On Monday March 10, Powells will present a reading by Peter Stark of his book "Astoria: John Jacob Astor and Thomas Jefferson's Lost Pacific Empire: A Story of Wealth, Ambition, and Survival".
To decide whether to go, I did a little web research on the early history of Astoria, and I was flabberflummoxed by how much colorful drama was involved, and how very slender the historical thread was that tied the Oregon Territory to the United States.
Fur, rum, and slave trader John Jacob Astor's tiny ship Tonquin arrived in 1811, delivering American settlers to commence building Fort Astoria - so Astor's agents could trade guns and rum and smallpox for native furs which he could sell in China for Big Bucks. The ship then made two trips to Hawaii to ferry a few dozen Hawaiian settlers to join the Americans. The Tonquin's trip to trade for furs with Vancouver Island natives ended Very Badly.
A British land expedition arrived at Fort Astoria only two months after it was founded. If they had gotten there before the Tonquin, we would be in Southern British Columbia now.
When news arrived in 1813 of the new war between the US and Britain, the stranded Americans sold their fort to a British Canadian trading company and stayed around to help their friends. If the history ended there, we would be in Southern British Columbia now.
But the bellicose Captain William Black, commander of the British war sloop Racoon, decided to seize the fort anyway (from its new British owners!). He renamed it Fort George. If history had ended there ...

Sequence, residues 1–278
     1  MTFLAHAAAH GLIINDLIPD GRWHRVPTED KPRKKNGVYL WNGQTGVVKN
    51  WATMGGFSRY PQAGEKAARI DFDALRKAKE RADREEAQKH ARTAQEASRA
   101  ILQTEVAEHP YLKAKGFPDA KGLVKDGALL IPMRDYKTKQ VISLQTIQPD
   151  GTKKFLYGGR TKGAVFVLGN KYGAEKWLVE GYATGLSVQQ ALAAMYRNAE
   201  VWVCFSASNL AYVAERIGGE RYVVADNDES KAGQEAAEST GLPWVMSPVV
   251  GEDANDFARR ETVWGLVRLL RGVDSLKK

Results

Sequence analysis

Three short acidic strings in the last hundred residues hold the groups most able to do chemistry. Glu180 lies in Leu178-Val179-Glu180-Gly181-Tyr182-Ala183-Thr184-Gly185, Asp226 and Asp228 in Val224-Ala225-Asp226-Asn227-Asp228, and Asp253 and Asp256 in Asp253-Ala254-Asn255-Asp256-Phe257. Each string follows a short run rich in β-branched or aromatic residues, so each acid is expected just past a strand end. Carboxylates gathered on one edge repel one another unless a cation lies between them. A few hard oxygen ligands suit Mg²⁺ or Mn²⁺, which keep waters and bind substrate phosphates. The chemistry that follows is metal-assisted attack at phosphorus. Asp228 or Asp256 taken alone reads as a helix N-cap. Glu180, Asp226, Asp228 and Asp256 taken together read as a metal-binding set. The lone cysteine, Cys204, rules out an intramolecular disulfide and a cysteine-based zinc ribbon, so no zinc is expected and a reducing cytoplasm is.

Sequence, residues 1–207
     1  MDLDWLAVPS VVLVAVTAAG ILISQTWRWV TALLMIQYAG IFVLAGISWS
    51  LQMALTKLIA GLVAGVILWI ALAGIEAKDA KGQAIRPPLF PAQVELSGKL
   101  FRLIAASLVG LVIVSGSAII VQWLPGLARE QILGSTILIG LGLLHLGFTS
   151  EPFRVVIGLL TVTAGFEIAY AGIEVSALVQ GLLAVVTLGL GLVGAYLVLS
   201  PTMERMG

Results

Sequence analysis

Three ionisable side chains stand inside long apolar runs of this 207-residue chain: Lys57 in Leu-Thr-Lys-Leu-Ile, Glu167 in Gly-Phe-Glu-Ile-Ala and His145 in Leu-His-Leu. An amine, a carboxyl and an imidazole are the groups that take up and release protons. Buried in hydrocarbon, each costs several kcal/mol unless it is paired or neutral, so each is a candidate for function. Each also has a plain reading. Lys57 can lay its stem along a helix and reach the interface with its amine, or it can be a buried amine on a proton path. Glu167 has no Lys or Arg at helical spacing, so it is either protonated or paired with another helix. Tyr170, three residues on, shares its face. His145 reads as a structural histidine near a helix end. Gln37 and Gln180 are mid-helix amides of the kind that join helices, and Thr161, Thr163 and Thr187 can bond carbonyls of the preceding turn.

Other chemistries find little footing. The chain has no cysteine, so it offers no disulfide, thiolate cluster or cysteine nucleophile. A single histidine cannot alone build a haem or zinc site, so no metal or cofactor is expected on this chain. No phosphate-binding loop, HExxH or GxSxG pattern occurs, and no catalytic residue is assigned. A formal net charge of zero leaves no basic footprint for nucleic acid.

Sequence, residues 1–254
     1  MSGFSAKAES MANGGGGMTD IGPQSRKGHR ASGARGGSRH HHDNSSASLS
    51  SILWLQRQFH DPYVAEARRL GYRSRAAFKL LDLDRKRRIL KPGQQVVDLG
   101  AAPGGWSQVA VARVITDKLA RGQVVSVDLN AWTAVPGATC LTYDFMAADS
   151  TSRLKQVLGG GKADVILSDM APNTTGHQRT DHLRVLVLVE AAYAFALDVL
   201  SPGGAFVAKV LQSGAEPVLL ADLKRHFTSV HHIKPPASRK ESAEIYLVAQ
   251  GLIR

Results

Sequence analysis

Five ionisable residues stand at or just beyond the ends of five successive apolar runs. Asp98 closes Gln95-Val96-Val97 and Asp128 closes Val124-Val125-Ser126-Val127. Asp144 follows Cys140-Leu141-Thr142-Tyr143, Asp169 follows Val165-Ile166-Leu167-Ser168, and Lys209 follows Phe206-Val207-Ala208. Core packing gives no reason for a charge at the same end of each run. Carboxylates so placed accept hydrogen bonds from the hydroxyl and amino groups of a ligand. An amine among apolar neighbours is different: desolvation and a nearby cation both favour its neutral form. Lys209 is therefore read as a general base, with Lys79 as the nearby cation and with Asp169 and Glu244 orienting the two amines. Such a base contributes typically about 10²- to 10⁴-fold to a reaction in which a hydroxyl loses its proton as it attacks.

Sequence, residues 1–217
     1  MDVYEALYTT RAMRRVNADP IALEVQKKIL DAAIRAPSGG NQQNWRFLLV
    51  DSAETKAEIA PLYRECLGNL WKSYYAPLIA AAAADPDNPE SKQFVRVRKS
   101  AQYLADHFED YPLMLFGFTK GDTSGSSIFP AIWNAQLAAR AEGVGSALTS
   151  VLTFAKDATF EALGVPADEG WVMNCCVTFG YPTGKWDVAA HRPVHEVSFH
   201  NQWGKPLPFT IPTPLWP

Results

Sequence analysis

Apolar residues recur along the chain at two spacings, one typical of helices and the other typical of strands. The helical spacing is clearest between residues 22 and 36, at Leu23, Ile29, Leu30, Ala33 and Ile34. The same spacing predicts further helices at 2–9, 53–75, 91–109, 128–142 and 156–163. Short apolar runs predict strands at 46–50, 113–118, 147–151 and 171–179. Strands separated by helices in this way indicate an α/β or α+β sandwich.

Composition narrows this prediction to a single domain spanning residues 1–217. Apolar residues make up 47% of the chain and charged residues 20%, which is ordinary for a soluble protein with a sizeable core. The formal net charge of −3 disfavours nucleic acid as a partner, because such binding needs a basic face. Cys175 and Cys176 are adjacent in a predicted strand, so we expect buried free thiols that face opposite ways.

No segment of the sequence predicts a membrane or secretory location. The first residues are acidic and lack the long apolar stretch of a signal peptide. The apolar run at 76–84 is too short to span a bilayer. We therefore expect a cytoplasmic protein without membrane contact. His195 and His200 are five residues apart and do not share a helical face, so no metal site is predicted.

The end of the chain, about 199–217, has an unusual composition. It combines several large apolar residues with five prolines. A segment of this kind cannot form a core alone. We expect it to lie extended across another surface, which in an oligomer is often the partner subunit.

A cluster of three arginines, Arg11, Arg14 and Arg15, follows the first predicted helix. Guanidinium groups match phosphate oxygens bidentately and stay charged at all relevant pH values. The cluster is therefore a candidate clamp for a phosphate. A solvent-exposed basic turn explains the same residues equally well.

After the pointless War of 1812 (which produced Andrew Jackson and a difficult-to-sing national anthem to the tune of an English drinking song), the 1814 Treaty of Ghent stipulated that all seized territories, forts, ships, etc. were to be returned to their 1812 owners. Because Black had seized Fort Astoria (regardless of who owned it when he did), and because the Fort belonged to a US company in 1812, it was repatriated to the United States by the Anglo-American Convention in 1818, though it was still operated by the Canadian North West Fir Company until they merged into the Hudson Bay Company, and moved operations to Fort Vancouver in 1824.
Perhaps it is just as well that Astor did not manage the fur trade in the Northwest - by the 1820s, his American Fur Company was trading liquor for furs with native Americans throughout the midwest, destroying their culture and wiping out most fur-bearing mammals. The northwest still has native Americans and beaver and sea otters, greatly diminished but not decimated.
So many Americans were in the jointly administered Oregon Territory by the 1840s that in 1846 the British ceded all of the Oregon Territory between 42° and 49° north to the US, and the US ceded the land from 49° to 54°40' to the British. The British filled their land with Irish and Scots and we filled our land with Finns and Swedes. Uppenbar Öde ...
We mostly got along OK, except for the Pig War of 1859 (over the San Juan Islands in Puget Sound), which was fought only with verbal insults between British and American soldiers and sailors armed to the teeth and prepared to blow each other's brains out. Cooler heads prevailed, and the islands were jointly administered by Canada and the US until an international arbitration commission, chaired by Kaiser Wilhelm I of Germany, awarded the disputed islands east of the Haro Strait to the United States in 1872.
There is far more zaniness to the Astoria and Oregon story than I describe above (google Kaúxuma Núpika, also Battle Ground, Washington), which is probably why they taught us none of it in school. It would make a heck of a funny movie.
So hell yes, I'm going to that reading ...
To read: Hiram Chittenden's book on the western fur trade.